Hacked on the way to the cloud

You know the what digital transformation is, even if you haven’t heard the term before (hint: it’s been happening since the late 1990s). Yes, that digital transformation.

To be sure, there have been significant advances on many fronts, butdata security isn’t always–or even often–one of them.

Companies are radically changing how they assemble and deploy business networks. Legacy systems are getting melded onto cloud services, in a bid to monetize swelling oceans of data flowing from smartphones and Internet of Things (IoT) devices.

All this data whizbang promises innovation–driverless cars and IoT that beggars the imagination–but it comes at a cost: an expansion of our attackable surface.

Every industry “disruption” and most kinds of data-based innovation open new attack vectors. These fresh exposures have always been there, and slowly but surely they are being exploited.

Some 90 percent of the organizations participating in a recent poll conducted by Oracle and KPMG  acknowledged that at least half of their cloud data is comprised of sensitive information, with 38 percent reporting they have had a problem detecting and responding to cloud security incidents.

Oracle and KPMG surveyed 450 IT professionals who reported that when security incidents do arise in the cloud, they can have a major impact on operations. Some 66% of companies said they had suffered a significant cloud-related disruption in the past two years.

Uber’s loss of sensitive data for 50 million customers and drivers, and the hacking of Tesla’s servers by crypto miners may be the minor harbingers of major attacks directed at the cloud layer of business networks in both the here-and-now and the foreseeable future. Yet the pressure for companies to charge ahead with cloud-driven innovation, while giving security issues comparatively short shrift, remains intense.

Clearly something has to give.

A New Paradigm

For more than 20 years, companies have, by and large, bought into the notion that they have to take a layered approach to network security. The best way to curtail network breaches, companies were told, was to install strong firewalls, and then pile on dozens of layers of defenses on endpoint devices, servers and applications. The approach is called “defense in depth.”

Defense in depth, and the legacy security systems that go along with it, have been pushed to the brink of obsolescence.

In a recent survey of 1,900 security professionals conducted by Crowd Research Partners, only 16 percent of organizations reported they believe their current security can protect them in the cloud, with 84 percent saying their security measures had, at best, limited capabilities in the cloud computing environment.

A new paradigm for securing business networks — one that weaves security into the dynamics of cloud computing — is desperately needed.

The encouraging news is that the fundamental components exist to do this. They are actually a by-product of the digital transformation: mega data sets. Security vendors increasingly feel that the application of big data analytics techniques to secure business networks is the future of infosec.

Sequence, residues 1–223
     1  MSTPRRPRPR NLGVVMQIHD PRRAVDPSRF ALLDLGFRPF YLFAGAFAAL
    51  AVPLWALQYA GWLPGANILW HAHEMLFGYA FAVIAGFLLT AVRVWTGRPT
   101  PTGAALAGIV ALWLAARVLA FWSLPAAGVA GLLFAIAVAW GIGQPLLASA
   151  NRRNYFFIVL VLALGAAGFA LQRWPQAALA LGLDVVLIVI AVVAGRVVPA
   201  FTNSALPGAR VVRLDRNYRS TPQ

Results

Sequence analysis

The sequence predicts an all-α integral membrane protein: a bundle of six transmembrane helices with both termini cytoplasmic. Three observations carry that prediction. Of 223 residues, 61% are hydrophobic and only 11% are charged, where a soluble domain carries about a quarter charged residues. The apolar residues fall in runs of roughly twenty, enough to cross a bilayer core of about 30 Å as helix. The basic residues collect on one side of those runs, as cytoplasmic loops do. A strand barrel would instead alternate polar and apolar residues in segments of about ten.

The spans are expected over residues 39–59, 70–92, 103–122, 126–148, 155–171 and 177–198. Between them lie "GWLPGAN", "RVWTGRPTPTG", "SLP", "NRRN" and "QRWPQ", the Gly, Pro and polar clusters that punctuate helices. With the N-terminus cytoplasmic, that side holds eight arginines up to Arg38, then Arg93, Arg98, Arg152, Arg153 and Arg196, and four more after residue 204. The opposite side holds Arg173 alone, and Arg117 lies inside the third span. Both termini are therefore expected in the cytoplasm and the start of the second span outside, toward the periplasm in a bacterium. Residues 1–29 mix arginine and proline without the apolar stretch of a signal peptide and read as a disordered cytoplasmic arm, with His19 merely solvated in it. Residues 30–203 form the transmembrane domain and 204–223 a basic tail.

Encouraging Advances

A cottage industry of innovators backed by deep-pocketed investors is hard at work developing, refining and promoting cutting-edge security systems designed to match the agility and scalability of cloud computing.

I wrote recently about how Oracle, as part of its push to become a major cloud services infrastructure supplier, recently unveiled technology that uses machine learning to continually monitor databases from within. The mission: to steadily become ever more precise at identifying any malicious activity.

Seattle-based ExtraHop Networks, similarly, has developed network scanning systems specially tuned for hybrid networks that co-mingle legacy and cloud-based resources. ExtraHop spotlights critical areas keeping close track of who’s accessing sensitive areas and scrutinizing how they behave. Through advanced machine learning, the company intends to make these systems smarter and faster, and thus able to keep up with ever rising loads of incoming data.

We’re in very early days for this new approach, and there’s a long way to go. One of the most telling benchmarks is false positives. It seems logical that the innovators that can minimize false alerts, while maximizing protection, will be the ones to thrive in this space.

Security startup Demisto, founded in 2015 by four McAfee alums, has begun tackling false alerts where they are causing the most headaches — in Security Operations Centers, or SOCS, operated by large enterprises. Demisto’s technology leverages automation to extract useful intelligence from more than 160 security products. This intel then becomes source material for “playbooks” designed to help security analysts triage security alerts much more efficiently.

Technology is only part of the long run solution, of course. Robust cyber hygiene policies and effective continuous training must also become a part of corporate culture to meaningfully stem the tide of cybercrime. That said, we’re at a critical juncture where every step in the right direction matters.